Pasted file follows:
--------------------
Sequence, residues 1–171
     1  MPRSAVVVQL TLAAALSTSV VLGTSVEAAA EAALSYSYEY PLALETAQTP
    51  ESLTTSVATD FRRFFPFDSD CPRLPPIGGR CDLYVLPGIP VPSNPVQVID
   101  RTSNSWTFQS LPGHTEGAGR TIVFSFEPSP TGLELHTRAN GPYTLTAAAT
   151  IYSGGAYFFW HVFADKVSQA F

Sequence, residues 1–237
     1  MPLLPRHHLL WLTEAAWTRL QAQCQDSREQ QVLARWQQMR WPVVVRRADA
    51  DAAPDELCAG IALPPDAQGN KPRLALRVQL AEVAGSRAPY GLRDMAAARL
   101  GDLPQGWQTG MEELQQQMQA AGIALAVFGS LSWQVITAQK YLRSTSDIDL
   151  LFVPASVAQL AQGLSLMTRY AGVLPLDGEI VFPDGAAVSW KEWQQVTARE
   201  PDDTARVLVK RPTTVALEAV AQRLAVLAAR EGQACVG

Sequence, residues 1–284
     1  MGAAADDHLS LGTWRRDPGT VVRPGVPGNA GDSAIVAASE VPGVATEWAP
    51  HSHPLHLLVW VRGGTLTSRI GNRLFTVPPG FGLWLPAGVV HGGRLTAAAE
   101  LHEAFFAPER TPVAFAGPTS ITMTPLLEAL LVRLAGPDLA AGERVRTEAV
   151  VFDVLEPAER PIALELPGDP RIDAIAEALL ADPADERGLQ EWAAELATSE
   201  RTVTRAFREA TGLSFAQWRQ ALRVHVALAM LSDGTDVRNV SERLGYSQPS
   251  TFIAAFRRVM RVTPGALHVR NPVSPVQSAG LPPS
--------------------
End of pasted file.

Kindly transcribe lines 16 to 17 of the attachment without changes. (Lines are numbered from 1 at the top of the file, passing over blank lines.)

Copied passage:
   151  VFDVLEPAER PIALELPGDP RIDAIAEALL ADPADERGLQ EWAAELATSE
   201  RTVTRAFREA TGLSFAQWRQ ALRVHVALAM LSDGTDVRNV SERLGYSQPS